From the bookshelf: ‘Chinese spies: from Chairman Mao to Xi Jinping’
21 Dec 2020|

As China expands its reach around the globe, it is important to understand not only its foreign, economic and security policies but also its massive covert operations. Roger Faligot, an investigative journalist who specialises in studying intelligence agencies, first published Chinese spies in French. It proved so successful that he recently had a significantly expanded version translated into English.

Faligot’s ambitious book spans a century of Chinese espionage, from the beginnings of the Chinese Communist Party to the Xi Jinping era.

In the 1920s, a youthful Zhou Enlai organised Chinese communist cells, in Hong Kong under the alias Stephen Knight and in France as Wu Hao, while Deng Xiaoping, then a factory worker in Paris, spent his evenings mimeographing underground pamphlets. The Chinese secret services modelled themselves on the Soviets, who trained many of their operatives. Both wove complex webs, spying on factions, dissidents and each other. The Belgian Hergé was inspired by real characters in 1930s China to write the Tintin adventure The blue lotus.

Once the People’s Republic was established, intelligence operations moved into high gear. Taking a page from the FBI’s J. Edgar Hoover, China’s first spymaster, Kang Sheng, even bugged the offices of Chairman Mao Zedong and Premier Zhou.

The Tiananmen Square protests, the collapse of the Soviet Union and China’s fear of contagion ushered in an era of reform and internationalisation of intelligence operations, including the establishment of a network of think tanks. Operation Yellowshirt used ‘deepwater fish’ around the world to pursue dissidents who had fled China. Operation Autumn Orchid, again, spent a decade overseeing the return of Hong Kong and Macao, including a smear campaign against Governor Chris Patten.

As China’s global relations expanded, so did its covert presence. According to Faligot, at least 40% of Chinese embassy staff worldwide conduct intelligence work, compared with 20% in Russian embassies. Evidence suggests that China has singled out Australia and France as the two countries most vulnerable to manipulation.

In the internet age, the People’s Liberation Army set up a vast empire of cyber warriors, working on security, military and economic issues. In the run-up to the 2008 Beijing Olympics, China even established a sports intelligence department tasked with spying on other countries’ athletes and ensuring that China won the most medals.

Faligot provides valuable insights on China’s methods. In the early days, operations were conventional cloak and dagger, including wiretapping, double agents, the ‘beautiful woman stratagem’, bribery and torture. Once Deng opened the economy, China quickly moved into industrial and economic espionage, even setting up a specialised school in Beijing in 1984. More recently, China has become a global leader in cyber espionage, hacking and financial manipulation.

China’s intelligence agencies draw on a vast diaspora of students, academics and businesspeople, which gives them a significant edge over their competitors. Covert drops are history, with strategic information on artificial intelligence, civil aviation, energy and medical technology flowing to China from myriad sources.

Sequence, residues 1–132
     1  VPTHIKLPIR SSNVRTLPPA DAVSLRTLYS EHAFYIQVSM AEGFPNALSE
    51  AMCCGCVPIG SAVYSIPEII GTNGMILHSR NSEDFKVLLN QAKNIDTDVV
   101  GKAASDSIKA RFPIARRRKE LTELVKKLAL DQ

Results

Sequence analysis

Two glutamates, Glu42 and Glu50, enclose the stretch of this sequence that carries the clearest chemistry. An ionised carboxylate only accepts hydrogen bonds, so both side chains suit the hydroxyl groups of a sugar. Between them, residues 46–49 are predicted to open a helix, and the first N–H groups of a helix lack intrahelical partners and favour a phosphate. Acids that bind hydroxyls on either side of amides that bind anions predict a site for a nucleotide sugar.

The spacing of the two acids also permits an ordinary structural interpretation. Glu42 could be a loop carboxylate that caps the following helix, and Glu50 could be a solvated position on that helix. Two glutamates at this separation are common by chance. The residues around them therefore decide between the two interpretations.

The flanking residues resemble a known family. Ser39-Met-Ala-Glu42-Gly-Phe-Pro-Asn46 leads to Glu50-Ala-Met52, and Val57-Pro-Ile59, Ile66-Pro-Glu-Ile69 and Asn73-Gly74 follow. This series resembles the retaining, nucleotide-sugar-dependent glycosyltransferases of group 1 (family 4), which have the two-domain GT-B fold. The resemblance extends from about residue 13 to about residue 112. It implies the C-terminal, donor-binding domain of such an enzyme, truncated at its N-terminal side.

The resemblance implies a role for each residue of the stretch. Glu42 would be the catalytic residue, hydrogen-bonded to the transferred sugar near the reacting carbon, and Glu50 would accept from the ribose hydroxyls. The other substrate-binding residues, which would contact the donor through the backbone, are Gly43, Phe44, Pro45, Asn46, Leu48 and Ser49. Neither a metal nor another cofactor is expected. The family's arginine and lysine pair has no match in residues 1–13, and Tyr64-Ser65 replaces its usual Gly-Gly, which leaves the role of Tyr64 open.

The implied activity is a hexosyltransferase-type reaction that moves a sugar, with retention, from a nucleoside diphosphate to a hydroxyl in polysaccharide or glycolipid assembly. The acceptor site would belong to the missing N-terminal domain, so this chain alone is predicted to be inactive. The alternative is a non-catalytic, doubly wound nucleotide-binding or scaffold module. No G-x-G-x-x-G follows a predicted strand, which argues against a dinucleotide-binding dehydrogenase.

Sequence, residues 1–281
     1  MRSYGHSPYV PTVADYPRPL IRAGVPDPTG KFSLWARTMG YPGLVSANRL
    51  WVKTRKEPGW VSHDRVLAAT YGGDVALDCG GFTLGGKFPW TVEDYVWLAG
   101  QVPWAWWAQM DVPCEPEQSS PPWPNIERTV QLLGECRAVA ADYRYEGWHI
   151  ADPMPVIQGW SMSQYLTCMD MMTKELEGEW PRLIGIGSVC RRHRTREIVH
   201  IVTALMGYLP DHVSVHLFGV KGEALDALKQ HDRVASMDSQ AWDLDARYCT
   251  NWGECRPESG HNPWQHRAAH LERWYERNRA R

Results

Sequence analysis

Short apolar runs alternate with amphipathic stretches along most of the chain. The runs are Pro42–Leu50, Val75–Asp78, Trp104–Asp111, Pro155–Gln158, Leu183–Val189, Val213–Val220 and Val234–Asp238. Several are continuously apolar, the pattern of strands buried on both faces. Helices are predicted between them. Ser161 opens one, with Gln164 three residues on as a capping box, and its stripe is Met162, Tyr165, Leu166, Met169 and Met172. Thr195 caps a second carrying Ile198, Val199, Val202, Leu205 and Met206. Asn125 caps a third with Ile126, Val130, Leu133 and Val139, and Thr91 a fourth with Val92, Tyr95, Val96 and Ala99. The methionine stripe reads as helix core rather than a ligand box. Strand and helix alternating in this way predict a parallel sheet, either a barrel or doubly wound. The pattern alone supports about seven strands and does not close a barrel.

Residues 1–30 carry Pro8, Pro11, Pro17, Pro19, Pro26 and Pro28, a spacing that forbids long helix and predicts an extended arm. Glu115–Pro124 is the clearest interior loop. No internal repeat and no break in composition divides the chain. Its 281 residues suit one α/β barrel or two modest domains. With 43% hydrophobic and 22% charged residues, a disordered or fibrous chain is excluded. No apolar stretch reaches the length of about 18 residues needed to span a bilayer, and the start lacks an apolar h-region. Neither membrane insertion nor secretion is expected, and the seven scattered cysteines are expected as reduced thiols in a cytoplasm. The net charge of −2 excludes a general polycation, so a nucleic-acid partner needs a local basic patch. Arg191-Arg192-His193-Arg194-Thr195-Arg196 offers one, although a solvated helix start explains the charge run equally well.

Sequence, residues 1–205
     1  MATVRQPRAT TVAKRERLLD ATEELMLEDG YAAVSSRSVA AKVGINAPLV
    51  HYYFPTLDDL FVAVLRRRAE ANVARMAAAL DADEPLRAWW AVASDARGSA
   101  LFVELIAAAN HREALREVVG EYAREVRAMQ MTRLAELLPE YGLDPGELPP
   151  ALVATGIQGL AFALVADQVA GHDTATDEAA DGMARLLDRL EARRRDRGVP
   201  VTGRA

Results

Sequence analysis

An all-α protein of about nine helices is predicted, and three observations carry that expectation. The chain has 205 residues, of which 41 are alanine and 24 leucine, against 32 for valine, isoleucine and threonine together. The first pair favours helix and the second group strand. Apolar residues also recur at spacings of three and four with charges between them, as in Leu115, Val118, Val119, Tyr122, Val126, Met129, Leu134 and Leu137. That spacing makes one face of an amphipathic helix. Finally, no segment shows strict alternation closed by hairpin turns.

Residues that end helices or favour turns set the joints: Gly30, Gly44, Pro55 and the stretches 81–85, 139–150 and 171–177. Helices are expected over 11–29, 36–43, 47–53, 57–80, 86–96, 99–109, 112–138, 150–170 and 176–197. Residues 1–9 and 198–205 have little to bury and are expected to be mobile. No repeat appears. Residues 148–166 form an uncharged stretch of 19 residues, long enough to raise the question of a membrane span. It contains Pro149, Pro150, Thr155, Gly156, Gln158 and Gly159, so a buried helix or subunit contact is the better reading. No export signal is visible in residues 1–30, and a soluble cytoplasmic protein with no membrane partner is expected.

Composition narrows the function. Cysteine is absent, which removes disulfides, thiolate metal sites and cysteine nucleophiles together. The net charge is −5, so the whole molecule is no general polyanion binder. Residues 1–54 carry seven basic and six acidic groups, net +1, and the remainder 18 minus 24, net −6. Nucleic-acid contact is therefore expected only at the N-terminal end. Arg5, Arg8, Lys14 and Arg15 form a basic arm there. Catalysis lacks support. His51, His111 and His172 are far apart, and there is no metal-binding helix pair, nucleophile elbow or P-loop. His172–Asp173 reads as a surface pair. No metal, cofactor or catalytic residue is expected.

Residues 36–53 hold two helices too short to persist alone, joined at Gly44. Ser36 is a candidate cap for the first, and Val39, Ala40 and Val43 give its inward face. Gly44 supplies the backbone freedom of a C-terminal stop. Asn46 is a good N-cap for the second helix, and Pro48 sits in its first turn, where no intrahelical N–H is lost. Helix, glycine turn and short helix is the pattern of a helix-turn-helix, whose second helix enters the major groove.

Appendixes provide information about China’s clandestine agencies, from the ministries of State Security and Public Security to the innocuous-sounding China Institute for Contemporary International Relations. The United Work Front Department supervises China’s soft power, including the ubiquitous Confucius Institutes.

Faligot’s book is thoroughly researched and brims with little-known information. In the 1980s, when Bill Clinton was governor of Arkansas, he regularly ate for free at a Chinese restaurant. There he was befriended by ‘John Huang’, who went on to work at the Commerce Department before being unmasked as a spy in the ‘Chinagate’ scandal.

The US bombing of the Chinese embassy in Belgrade in 1999 was described by President Clinton as a colossal mistake, and he apologised profusely to China’s leaders. In fact, both sides knew it was intentional, as the embassy was equipped to gather intelligence on Western weaponry being used in Serbia.

Faligot reminds us that intelligence is a two-way street. Over the years, the KGB gathered embarrassing information on ‘Ivan Sergeyevich Dozorov’, better known as Deng Xiaoping. The highly classified dossier is still kept in Russian President Vladimir Putin’s safe, ‘just in case’. The book also details the intelligence work that brought down Xi Jinping’s arch-rival Bo Xilai and, ultimately, intelligence chief Zhou Yongkang, in the process breaking the unwritten rule that Politburo Standing Committee members are untouchable.

The cat-and-mouse game of cyber espionage will accelerate further with the introduction of 5G, with the Chinese telecommunications company Huawei set to dominate a significant part of the global market. China is already the world’s data powerhouse, accounting for 23% of cross-border data flows, compared with America’s 12%. It also recently eclipsed the US in satellite surveillance. With the world’s largest network of intelligence operatives, a large diaspora and a growing economic presence, China’s covert operations can only expand.

Faligot’s ground-breaking book is essential reading for both intelligence professionals and generalists seeking to understand the reach of China’s hidden hand. Given rapid technological developments, one can only hope that Faligot is working on a follow-up volume.